A theater production coming to Anchorage this week honors the accomplishments of a little known character in Alaska’s history.
Back around the turn of the twentieth century, one of the foremost dog drivers in Alaska was Jujiro Wada, a Japanese national who helped to blaze Alaska’s most famous trail.
If you mention the word Iditarod, images of racing huskies, dogsleds and the last of the Alaska mountain men come to mind. Swenson, Buser, Seavey, Mackey are names that carved Iditarod history. But Jujiro Wada? Who’s he? Well, he’s the man who built the Iditarod Trail.
University of Alaska professor and Seward native Edgar Blatchford says Wada faced incredible odds.
“It wasn’t like he had GPS or any food along the way. He carried a rifle, bullets and an empty sled, except for something to sleep in.”
Blatchford is helping the Asian American Cultural Center bring the musical “Samurai Musher” to Alaska. Back in 1909 Wada was renowned in what was to become the Alaska Territory, and his exploits were covered in newspapers of the time.
“The Seward Chamber of Commerce, it was called the Board of Trade at that time, hired him to find a way to connect Seward to the gold camps in the Interior and eventually Nome. Jujiro Wada was hired at a dollar a day, and he hired what we like to think of as an international crew. And they set forward to blaze the trial from Seward to Nome.”
Why Wada? Because he was considered the foremost musher in Alaska at the time.
“Wada was credited from mushing forty to fifty thousand miles across Alaska,” says University of Alaska professor Tony Nakazawa.
Nakazawa says Wada came from Hinodemachi in Ehime Prefecture. He was born in 1875 into a samurai family down on its luck, and left home early to seek his fortune in the U.S. He first arrived in San Francisco.
“One of the stories that is more prominent is that he was shanghaid by this Captain Norwood on the ship Ballena, and they were up in the Arctic waters, and their ship became icebound. And so Captain Norwood had Wada and a small group go on to shore and there he befriended the Brower family who mobilized the village and they came out and saved the people on the ship.”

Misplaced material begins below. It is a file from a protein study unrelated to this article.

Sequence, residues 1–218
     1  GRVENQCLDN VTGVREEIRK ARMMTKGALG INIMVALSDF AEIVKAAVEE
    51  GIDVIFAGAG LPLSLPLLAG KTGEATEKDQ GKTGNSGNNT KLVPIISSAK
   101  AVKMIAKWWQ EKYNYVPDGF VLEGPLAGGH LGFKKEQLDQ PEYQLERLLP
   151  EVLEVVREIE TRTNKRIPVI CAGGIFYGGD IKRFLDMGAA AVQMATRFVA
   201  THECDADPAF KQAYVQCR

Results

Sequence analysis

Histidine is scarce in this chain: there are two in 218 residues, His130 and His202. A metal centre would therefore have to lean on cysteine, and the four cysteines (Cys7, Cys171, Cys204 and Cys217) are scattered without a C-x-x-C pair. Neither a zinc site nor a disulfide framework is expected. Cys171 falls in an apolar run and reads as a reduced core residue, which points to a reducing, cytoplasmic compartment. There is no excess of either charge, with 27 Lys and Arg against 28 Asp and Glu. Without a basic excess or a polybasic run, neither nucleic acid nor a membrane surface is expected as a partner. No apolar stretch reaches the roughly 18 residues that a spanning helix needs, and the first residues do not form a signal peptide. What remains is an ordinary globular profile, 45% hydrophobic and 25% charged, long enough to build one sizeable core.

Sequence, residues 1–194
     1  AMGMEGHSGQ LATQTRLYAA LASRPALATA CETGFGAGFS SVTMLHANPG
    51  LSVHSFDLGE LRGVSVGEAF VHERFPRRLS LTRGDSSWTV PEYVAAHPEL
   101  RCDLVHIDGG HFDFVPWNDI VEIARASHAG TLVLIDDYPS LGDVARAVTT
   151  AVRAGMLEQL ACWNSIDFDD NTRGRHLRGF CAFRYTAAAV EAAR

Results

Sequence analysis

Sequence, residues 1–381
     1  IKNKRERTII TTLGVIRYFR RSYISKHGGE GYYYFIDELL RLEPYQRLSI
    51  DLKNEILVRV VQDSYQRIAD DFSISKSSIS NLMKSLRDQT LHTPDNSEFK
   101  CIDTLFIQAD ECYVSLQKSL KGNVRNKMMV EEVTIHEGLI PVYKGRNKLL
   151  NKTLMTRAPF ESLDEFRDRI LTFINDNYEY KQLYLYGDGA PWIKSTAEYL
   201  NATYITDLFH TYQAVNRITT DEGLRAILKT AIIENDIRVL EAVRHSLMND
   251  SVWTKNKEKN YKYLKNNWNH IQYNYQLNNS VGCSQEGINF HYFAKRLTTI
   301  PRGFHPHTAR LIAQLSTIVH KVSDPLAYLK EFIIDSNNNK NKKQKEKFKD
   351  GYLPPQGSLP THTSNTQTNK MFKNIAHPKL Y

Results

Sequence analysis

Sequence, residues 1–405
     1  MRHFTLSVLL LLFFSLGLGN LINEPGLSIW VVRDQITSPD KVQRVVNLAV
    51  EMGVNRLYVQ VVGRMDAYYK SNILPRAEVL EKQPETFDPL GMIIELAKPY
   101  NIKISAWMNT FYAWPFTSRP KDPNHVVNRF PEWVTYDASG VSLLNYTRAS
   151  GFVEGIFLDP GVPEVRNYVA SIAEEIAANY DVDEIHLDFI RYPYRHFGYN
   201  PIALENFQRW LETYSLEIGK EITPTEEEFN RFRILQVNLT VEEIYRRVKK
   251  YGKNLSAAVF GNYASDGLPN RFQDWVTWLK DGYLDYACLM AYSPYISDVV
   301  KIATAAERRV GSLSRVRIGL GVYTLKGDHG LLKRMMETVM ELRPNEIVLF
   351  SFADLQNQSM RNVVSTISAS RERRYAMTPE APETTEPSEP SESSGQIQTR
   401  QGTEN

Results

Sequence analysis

Wada first worked at the Cape Smyth Trading post with the legendary Charles Brower. It is was there that he learned his dog mushing skills. Later, he traveled with E.T. Barnette, the man who founded Fairbanks, and did his share of gold prospecting.
He was a man of many talents — sailor, prospector, dog driver, and quite the adventurer. He was driven by the desire to make his fortune and send money back to his widowed mother in Japan.
A 1995 book published in Japan, “The Samurai Dog Musher Under the Northern Lights,” is credited with spurring interest in Wada in that country.
The book was later translated into English by a Canadian who was documenting Wada’s travels for the Canadian Park Service.
Now the Mikan Ichiza Playgroup, from Wada’s hometown in Ehime Prefecture, has produced a musical based on Wada’s story
Nakazawa says the story captures public imagination in part because of its theme of mother and son devotion.
“And there is a following among historians here in Alaska on Wada, but in terms of the communities, I don’t think it’s very well known. But one of the things that’s interesting about the Wada story is it was actually that he had written to his mother, sent money back to his mother from a distance.”
Wada’s fortunes did not always run smoothly. Nakazawa says Wada was once almost lynched because of a misunderstanding.
“So one of the [newspaper] articles that we looked at had said that Wada was sent to much to Circle and Dawson City to build up Felix Pedro’s gold strike, and up to one thousand prospectors came to the Goldstream Valley area, and unfortunately, they didn’t find gold, as promised. And Wada almost met his demise, but fortunately, Mr. Barnett prevailed and Wada was spared.”
And, as World War I loomed, Wada was faced with discrimination because of mistrust of the Japanese in the US.
The stage production covers the triumphs and disappointments of Wada’s life from childhood in Japan to his adventures in Alaska, and through his declining years.
Edgar Blatchford says Wada’s story is exactly the kind of thing that fascinates tourists who are looking for something beyond the usual attractions.
“This is a major production. They are excited about it. They’ve put a lot of time into it. They are serious performers, and they recognize the connection between Japan and Alaska which gives Alaska great avenue for more and more people from Japan coming to visit Alaska and getting off the beaten path.”
Wada eventually left Alaska. His later life is obscure, but we know he died in San Diego without ever having struck it rich. But the growing interest in his life is sure to enrich his memory in Japan and Alaska.